By James Cimino
To those who oppose campaign finance reform, let’s say that a small group of wealthy, Wiccan, socialist abortion providers move to town.
They buy more and more of the local property and become major investors in local businesses.
It gets to the point that one is unable to purchase any goods or services without, in some way, sending money in the direction of these wealthy, Wiccan, socialist abortion providers.
Local, legal limitations to their acquisitions and consolidation of assets keep getting relaxed or worked around you think to yourself and wonder aloud to friends and neighbors, “How are they able to get so much power, control so much of our town’s resources?”
Then, the stories come in about these folks taking the city council and mayor out for dinners, giving money to their campaigns, using their acquired influence to assist local leaders on pet projects and exchanging information about investments that will help everyone.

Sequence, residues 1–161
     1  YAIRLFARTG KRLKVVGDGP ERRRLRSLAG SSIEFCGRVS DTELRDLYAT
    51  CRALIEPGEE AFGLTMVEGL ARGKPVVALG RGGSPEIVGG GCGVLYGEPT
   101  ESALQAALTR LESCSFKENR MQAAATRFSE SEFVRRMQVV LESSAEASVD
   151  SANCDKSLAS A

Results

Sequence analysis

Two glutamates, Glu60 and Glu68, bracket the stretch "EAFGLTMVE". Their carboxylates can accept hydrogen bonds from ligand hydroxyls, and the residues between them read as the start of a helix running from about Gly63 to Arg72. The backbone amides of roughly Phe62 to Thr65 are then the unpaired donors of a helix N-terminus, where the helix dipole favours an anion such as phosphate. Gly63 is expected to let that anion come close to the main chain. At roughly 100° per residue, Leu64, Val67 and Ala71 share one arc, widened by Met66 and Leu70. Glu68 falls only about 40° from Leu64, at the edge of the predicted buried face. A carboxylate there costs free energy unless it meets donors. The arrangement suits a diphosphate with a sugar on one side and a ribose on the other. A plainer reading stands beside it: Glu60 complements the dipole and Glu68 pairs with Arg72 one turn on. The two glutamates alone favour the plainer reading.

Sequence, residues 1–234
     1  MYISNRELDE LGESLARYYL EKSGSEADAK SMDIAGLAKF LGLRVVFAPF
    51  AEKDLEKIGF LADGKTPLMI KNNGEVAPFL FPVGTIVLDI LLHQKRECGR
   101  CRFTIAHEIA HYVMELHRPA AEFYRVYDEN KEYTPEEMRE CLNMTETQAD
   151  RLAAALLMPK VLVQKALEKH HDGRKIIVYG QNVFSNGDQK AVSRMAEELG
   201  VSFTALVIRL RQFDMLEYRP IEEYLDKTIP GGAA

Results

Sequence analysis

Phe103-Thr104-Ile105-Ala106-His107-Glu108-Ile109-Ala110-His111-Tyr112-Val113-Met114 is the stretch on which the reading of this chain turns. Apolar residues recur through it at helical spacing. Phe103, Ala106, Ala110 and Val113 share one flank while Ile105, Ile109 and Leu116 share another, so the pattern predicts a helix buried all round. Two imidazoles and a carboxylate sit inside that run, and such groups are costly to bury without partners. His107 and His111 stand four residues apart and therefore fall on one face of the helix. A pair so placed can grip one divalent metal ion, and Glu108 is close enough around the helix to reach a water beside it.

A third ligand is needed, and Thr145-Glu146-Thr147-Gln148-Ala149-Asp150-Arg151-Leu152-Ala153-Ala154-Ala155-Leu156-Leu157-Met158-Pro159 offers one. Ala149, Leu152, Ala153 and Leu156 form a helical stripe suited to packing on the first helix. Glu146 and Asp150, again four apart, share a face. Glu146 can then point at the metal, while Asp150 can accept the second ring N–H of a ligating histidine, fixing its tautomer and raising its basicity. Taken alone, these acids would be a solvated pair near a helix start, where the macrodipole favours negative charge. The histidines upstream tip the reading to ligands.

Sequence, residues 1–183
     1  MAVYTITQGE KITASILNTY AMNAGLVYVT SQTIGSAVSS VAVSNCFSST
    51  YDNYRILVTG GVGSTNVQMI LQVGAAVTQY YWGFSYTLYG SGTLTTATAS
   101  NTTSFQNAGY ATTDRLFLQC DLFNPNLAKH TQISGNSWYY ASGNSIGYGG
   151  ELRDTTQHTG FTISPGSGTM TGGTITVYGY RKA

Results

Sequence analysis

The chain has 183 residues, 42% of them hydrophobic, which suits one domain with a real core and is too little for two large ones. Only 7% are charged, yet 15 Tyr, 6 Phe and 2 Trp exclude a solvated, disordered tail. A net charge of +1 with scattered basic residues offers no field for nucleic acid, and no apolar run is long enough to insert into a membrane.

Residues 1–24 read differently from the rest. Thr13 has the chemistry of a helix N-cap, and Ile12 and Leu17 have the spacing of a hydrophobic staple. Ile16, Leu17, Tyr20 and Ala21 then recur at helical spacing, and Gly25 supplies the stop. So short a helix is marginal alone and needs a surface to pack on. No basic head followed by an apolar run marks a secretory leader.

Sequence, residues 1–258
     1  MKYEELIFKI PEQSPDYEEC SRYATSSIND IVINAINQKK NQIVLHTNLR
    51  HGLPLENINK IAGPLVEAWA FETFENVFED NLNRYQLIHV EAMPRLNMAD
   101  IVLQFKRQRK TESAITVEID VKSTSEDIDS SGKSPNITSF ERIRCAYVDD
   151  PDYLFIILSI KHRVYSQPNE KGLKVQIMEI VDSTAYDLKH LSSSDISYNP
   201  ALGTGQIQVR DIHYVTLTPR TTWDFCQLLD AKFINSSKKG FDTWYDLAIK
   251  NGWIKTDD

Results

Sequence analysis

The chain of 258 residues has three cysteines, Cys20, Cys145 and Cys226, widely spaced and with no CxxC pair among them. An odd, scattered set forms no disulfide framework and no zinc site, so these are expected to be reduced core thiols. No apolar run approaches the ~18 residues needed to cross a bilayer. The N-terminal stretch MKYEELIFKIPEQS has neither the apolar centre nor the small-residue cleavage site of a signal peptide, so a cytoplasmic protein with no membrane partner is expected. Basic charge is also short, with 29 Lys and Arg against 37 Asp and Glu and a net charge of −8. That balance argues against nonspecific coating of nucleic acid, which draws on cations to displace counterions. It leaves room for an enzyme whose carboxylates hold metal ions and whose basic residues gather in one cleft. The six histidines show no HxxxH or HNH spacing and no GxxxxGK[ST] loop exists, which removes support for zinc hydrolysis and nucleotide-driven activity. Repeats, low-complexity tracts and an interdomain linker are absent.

You can still go to the offices and meetings of your local officials and state your opinion, but you mostly talk to half interested staff.
Your frustration grows until you scream, “How can I be heard if the context, content and conversation is dominated by the access given to these wealthy, Wiccan, socialist abortion providers?”
When money and free speech are equated, three things happen: legalized bribery, the speech of wealthy interests is amplified over the rest of us, and time is spent fundraising instead of listening to and educating voters on the complex issues facing them.